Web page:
- Microsoft will release a major update to Windows 10 this summer, dubbed “Anniversary Update,” that will include expanded biometric security for developers’ apps, Cortana improvements, Windows Ink, and a slew of developer-focused announcements.
- Command line junkies, rejoice: Microsoft has teamed up with Canonical (of Ubuntufame) to enable the Bash shell to run natively in Windows. As Lifehacker’s Eric Ravenscraft sums up: “For developers, tweakers, and people who use multiple platforms, this is huge. Now, you can use the same commands that you’re familiar with on OS X and Linux distros inside Windows, and that includes everything from file management to app development and installation.”
- Cortana is coming to Skype, and that’s not all: Microsoft also announced Skype Bots, a series of new bots—developers can build their own here—for messaging and (eventually) voice and video conferencing, too.
- Chatbots are a big deal not just for Skype but all of Microsoft, Bloomberg’s Dina Bass reports, and are another indicator of the growing influence of machine learning and AI on modern software.
- Microsoft Trumpets Windows 10, and Pushes Into Sci-Fi Tech—The New York Times
- Despite Its Attempt at Cool, Microsoft’s Build Keynote Was Full of Khaki-Wearing Cringe—Mashable
- All of the Important Thing Microsoft Announced at Build Today—Lifehacker
- Ubuntu’s Bash and Linux Command Line Coming to Windows 10—Ars Technica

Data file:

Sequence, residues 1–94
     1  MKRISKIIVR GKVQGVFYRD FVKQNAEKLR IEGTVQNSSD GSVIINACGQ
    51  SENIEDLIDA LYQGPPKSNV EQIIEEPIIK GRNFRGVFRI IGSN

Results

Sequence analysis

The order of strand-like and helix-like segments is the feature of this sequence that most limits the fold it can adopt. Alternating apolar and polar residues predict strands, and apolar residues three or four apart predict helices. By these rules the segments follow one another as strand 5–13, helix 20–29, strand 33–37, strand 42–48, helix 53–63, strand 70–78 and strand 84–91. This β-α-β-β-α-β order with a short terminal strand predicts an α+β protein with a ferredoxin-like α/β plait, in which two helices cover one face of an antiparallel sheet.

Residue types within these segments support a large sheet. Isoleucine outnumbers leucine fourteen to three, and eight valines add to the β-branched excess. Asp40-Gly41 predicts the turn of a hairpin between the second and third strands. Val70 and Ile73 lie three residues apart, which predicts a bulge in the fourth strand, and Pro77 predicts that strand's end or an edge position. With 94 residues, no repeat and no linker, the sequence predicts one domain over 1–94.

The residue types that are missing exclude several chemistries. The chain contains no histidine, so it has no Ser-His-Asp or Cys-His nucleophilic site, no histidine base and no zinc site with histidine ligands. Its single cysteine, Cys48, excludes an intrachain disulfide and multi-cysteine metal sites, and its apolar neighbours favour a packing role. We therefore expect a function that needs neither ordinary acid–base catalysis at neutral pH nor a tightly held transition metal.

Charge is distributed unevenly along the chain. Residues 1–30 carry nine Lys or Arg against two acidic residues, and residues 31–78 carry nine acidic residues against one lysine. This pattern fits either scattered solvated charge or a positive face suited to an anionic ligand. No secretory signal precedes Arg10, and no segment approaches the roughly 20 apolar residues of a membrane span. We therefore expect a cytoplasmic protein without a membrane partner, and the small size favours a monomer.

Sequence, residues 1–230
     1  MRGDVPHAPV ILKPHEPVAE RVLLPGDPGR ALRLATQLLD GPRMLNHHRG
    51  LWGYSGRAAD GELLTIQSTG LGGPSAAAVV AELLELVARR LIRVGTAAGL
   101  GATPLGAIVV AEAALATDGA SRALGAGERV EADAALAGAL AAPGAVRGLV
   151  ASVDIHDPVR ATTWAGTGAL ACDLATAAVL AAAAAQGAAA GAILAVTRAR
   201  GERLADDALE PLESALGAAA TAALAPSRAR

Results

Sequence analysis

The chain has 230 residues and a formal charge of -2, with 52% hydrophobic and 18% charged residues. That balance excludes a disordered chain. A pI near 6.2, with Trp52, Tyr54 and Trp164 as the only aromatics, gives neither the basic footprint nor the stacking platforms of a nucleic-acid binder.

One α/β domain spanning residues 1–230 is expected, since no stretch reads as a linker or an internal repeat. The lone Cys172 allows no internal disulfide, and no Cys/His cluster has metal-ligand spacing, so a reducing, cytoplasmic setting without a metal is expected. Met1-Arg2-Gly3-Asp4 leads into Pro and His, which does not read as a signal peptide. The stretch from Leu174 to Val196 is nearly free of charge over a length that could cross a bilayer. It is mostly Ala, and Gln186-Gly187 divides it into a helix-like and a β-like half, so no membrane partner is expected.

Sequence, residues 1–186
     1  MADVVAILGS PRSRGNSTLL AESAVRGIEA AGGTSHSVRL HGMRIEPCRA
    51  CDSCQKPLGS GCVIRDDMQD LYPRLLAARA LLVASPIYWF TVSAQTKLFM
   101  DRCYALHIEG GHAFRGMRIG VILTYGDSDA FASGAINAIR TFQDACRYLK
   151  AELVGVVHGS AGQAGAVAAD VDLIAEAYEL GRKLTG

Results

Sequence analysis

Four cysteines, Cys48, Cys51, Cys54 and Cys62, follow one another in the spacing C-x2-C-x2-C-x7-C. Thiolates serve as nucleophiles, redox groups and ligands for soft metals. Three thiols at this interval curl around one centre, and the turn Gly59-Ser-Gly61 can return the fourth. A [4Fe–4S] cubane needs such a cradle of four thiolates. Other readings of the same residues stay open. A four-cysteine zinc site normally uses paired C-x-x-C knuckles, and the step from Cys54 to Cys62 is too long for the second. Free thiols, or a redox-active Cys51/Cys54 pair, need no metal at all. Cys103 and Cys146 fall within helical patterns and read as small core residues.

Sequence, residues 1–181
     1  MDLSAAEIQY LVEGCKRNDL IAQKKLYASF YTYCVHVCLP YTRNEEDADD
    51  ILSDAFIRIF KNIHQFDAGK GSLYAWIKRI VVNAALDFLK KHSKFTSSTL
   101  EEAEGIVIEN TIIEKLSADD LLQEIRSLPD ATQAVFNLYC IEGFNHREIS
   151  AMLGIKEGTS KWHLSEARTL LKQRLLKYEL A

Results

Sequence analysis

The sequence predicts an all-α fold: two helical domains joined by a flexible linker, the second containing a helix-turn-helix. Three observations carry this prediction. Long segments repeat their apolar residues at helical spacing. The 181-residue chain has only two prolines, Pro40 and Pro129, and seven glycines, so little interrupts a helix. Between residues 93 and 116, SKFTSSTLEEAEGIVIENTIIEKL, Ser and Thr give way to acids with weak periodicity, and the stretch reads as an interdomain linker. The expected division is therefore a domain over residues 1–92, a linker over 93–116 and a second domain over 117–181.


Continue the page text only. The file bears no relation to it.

- Skype Is Getting Cortana and Crazy Bot Messaging—The Verge
- Clippy’s Back: The Future of Microsoft Is Chatbots—Bloomberg
- Microsoft Launches Cognitive Services Based on Project Oxford and Bing—VentureBeat
What it’s about: Web developers welcomed a new tool to their arsenal this week with Apple’s release of Safari Technology Preview, a new browser that anyone can download and use but that was built specifically with devs in mind. The browser provides “an early look at upcoming Web technologies in OS X and iOS including the latest layout technologies, visual effects, and developer tools,” according to Apple. In turn, the company hopes developer feedback and bug reporting will improve future releases. According to Apple’s release notes, Safari Technology Preview can run side by side with the stable version of Safari, includes iCloud integration and support, and uses separate local data stores for browser history, bookmarks, cookies, and cache.
- Apple’s Safari Technology Preview Is a Stable Test Platform for Users and Devs—Ars Technica
- Safari Technology Preview Release Notes—Apple
- Safari Technology Preview Download—Apple
- Regis McKenna’s 1976 Notebook and the Invention of Apple Computer, Inc.—Fast Company
What it’s about: Dell announced a deal to sell its IT consulting division for more than $3 billion to Japanese firm NTT Data, a subsidiary of Nippon Telegraph and Telephone (NTT), Japan’s leading telecom operation. The move, which comes in advance of Dell’s pendingacquisition of EMC, wasn’t unexpected: Dell needs money to finance that record-setting $67 billion purchase and had previously indicated that it would look to sell off non-core assets. Reuters reported in February that NTT Data was in the pole position to acquire Dell’s services businesses. Ultimately, though, Dell might not have received quite as much cash as it was hoping for: Re/code had previously reported in December that Dell was shopping its services business for more than $5 billion. Dell paid around $3.9 billion for the unit, formerly known as Perot Systems, in 2009. Gartner analyst Sid Nag breaks down the deal for InformationWeek: “Dell has been looking to shed assets that don’t line up with their strategy for their impending Dell-EMC merger, which will be focused on the enterprise systems and hardware market (server, storage, networking, private cloud), which includes cloud-related systems.”